Articles by Janet Potter

August 30, 2011

A Visit to Gettysburg 1

The Gettysburg gaze is a particular brand of narration that pervades the town, describing every skirmish as good vs. good. Good wins.

July 29, 2011

A Thousand and One Knights: George R.R. Martin’s A Dance with Dragons 12

Seabiscuit wasn’t about a horse. You don’t have to like football to love Friday Night Lights. A great narrative is great in any genre, and A Song of Ice and Fire is perhaps the most compelling, fully realized narrative in modern literature.

June 22, 2011

The Three Worlds of Jesse Ball’s The Curfew 3

Much of Ball’s writing takes place in worlds that are slightly off, where the rules of society have been changed, and both the characters in these worlds and we, the readers, aren’t entirely clear what the new rules are. I’ve never felt oriented in one of Ball’s novels, but I’m quite sure I’m not meant to.

May 27, 2011

Staff Picks: Richard P. Feynman’s Six Easy Pieces 4

This is not really physics for beginners, then, but extremely advanced physics explained conversationally, so that students with a working knowledge of the sciences will be intrigued and inspired by the majestic complexity of the discipline, even if they can’t grasp it yet.

May 12, 2011

Mad, Mad World: Jon Ronson’s The Psychopath Test 7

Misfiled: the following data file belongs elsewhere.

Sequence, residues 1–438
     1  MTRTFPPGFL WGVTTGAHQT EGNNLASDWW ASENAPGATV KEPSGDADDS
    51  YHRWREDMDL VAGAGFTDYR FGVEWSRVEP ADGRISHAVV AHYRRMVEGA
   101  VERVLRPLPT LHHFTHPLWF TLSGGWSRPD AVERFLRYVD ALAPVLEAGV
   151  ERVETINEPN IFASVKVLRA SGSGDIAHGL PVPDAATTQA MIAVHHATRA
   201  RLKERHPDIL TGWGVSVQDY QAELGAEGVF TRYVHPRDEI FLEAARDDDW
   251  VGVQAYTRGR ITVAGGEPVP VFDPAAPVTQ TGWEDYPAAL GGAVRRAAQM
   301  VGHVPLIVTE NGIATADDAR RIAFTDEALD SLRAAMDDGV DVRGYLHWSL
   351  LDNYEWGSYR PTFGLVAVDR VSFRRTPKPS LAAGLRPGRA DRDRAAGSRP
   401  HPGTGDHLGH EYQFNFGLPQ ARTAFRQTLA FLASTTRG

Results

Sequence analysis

With 40 being the highest score, the psychopath range starts in the mid-20s, but really, I don’t want you feeding my cat if you get more than 10 (although, to be frank, I just gave my cat a 22).

April 30, 2011

A Scarred World: George R.R. Martin’s Game of Thrones 6

While his world looks like fantasy (bastards! dwarves! whores! knights!), and the action revolves around the question of the seven kingdoms’ throne, the focus is on the clashing relationships and motivations of the people involved in the struggle.

April 26, 2011

A Tiny Inheritance: Edmund de Waal’s The Hare With the Amber Eyes 2

We can never know the people who came before us, but we can own their dining tables, walk the streets they walked, put the Japanese knick-knacks they bought in our pockets, and infuse them with meaning.

March 22, 2011

Aloha, Imperialism: Sarah Vowell’s Unfamiliar Fishes 7

This double-sided approach – a keen insight into the forces of history combined with an appreciative delight in the coincidental – is so unmistakably her own it might as well be called Vowelling.

March 17, 2011

A helping hand 0

This week, Melville House is donating all profits from books purchased on their website to Japan disaster relief.

February 28, 2011

Getting to Know the Presidents: The Presidential Biography Project 28

Much as I love Washington, Adams, and Jefferson, I have a much more personal affection for the likes of Madison and Fillmore.